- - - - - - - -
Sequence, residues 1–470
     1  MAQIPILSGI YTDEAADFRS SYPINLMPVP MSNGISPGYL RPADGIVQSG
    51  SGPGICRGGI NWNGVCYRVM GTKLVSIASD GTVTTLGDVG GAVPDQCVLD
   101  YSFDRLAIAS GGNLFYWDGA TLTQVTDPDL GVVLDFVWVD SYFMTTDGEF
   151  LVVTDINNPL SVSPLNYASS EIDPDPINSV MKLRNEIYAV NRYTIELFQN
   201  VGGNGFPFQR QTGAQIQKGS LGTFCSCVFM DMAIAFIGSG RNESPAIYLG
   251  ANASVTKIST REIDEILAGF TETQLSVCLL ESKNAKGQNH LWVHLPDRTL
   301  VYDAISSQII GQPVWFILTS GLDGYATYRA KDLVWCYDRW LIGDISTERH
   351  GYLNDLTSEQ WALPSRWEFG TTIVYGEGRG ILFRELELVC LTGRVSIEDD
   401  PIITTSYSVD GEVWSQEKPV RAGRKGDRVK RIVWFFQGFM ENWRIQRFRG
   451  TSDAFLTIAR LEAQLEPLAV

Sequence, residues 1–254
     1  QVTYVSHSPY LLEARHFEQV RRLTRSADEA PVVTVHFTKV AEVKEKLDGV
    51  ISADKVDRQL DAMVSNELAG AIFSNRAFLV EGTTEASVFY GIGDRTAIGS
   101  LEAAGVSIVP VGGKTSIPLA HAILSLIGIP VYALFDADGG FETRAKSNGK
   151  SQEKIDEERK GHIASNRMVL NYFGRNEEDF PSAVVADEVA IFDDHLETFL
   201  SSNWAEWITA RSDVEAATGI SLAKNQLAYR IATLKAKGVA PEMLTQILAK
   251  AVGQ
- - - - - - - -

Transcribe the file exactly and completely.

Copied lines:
Sequence, residues 1–470
     1  MAQIPILSGI YTDEAADFRS SYPINLMPVP MSNGISPGYL RPADGIVQSG
    51  SGPGICRGGI NWNGVCYRVM GTKLVSIASD GTVTTLGDVG GAVPDQCVLD
   101  YSFDRLAIAS GGNLFYWDGA TLTQVTDPDL GVVLDFVWVD SYFMTTDGEF
   151  LVVTDINNPL SVSPLNYASS EIDPDPINSV MKLRNEIYAV NRYTIELFQN
   201  VGGNGFPFQR QTGAQIQKGS LGTFCSCVFM DMAIAFIGSG RNESPAIYLG
   251  ANASVTKIST REIDEILAGF TETQLSVCLL ESKNAKGQNH LWVHLPDRTL
   301  VYDAISSQII GQPVWFILTS GLDGYATYRA KDLVWCYDRW LIGDISTERH
   351  GYLNDLTSEQ WALPSRWEFG TTIVYGEGRG ILFRELELVC LTGRVSIEDD
   401  PIITTSYSVD GEVWSQEKPV RAGRKGDRVK RIVWFFQGFM ENWRIQRFRG
   451  TSDAFLTIAR LEAQLEPLAV

Sequence, residues 1–254
     1  QVTYVSHSPY LLEARHFEQV RRLTRSADEA PVVTVHFTKV AEVKEKLDGV
    51  ISADKVDRQL DAMVSNELAG AIFSNRAFLV EGTTEASVFY GIGDRTAIGS
   101  LEAAGVSIVP VGGKTSIPLA HAILSLIGIP VYALFDADGG FETRAKSNGK
   151  SQEKIDEERK GHIASNRMVL NYFGRNEEDF PSAVVADEVA IFDDHLETFL
   201  SSNWAEWITA RSDVEAATGI SLAKNQLAYR IATLKAKGVA PEMLTQILAK
   251  AVGQ